A colleague had a Brian McLaren quote as part of his electronic signature, and it seemed to point a different way toward generosity growing out of our current economic crisis. McLaren is an author of over 10 influential books on Christianity in our modern context, he is a speaker, and a pastor. Currently he is talking about using the economic recovery as a way to shed our free-spending habits like an addiction. Peter Singer is an Australian philosopher, professor and author who recently published The Life You Can Save, which calls affluent people to increase their effort to end poverty in other countries. In essence these men are talking about the same thing: reducing our consumerism for our own sakes as well as the sake of the whole world.
Here is the quote from Brian McLaren:
For many people, economic recovery means getting back to where we were a few months ago. That means recovering our consumptive, greedy, unrestrained, undisciplined, irresponsible, and ecologically and socially unsustainable way of life. I’d like to suggest another kind of recovery, drawing from the world of addiction. When an addict gets into recovery, he wants to move forward to a new way of life… a wiser way of life that takes into account his experience of addiction. He realizes that his addiction to drugs was a symptom of other deeper issues and diseases in his life … unresolved pain or anger, the need to anesthetize painful emotions, lack of creativity in finding ways to feel happy and alive, unaddressed relational and spiritual deficits, lack of self-awareness, and so on.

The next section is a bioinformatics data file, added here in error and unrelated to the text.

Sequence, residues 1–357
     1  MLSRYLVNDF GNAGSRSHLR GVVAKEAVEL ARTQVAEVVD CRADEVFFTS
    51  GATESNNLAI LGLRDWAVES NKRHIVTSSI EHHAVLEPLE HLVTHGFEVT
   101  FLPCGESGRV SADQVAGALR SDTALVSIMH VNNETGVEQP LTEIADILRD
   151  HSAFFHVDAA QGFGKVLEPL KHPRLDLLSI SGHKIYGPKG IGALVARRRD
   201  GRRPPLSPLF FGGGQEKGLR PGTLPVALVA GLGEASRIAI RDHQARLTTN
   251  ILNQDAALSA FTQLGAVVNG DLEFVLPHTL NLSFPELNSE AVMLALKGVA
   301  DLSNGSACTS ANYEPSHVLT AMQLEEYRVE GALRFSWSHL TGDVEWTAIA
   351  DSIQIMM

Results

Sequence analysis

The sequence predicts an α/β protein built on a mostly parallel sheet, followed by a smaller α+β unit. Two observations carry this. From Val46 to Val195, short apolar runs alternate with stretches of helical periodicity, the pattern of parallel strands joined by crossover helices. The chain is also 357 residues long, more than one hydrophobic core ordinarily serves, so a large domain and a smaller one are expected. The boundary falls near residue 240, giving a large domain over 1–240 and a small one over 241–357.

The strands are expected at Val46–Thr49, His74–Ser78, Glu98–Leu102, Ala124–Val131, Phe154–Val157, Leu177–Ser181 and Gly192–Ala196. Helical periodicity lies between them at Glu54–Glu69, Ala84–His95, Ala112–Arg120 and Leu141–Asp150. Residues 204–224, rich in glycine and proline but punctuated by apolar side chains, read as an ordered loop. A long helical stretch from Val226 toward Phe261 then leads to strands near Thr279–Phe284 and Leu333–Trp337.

Notice how McLaren is pointing to painful things we are trying to salve with our consumerism.
And here is Peter Singer on the same topic:
If anything good comes out of this global financial crisis, it will be a reassessment of our basic values and priorities. We need to recognize that what really matters isn’t buying more and more consumer goods, but family, friends, and knowing that we are doing something worthwhile with our lives. Helping to reduce the appalling consequences of world poverty should be part of that reassessment.
Singer speaks to the joyous things we can work toward as we shed that addiction. They are nice bookends. Here, in a trailer for a film called The Examined Life, Singer talks (after Cornell West) about the ethics of our consumerism in light of the needs of our whole planet.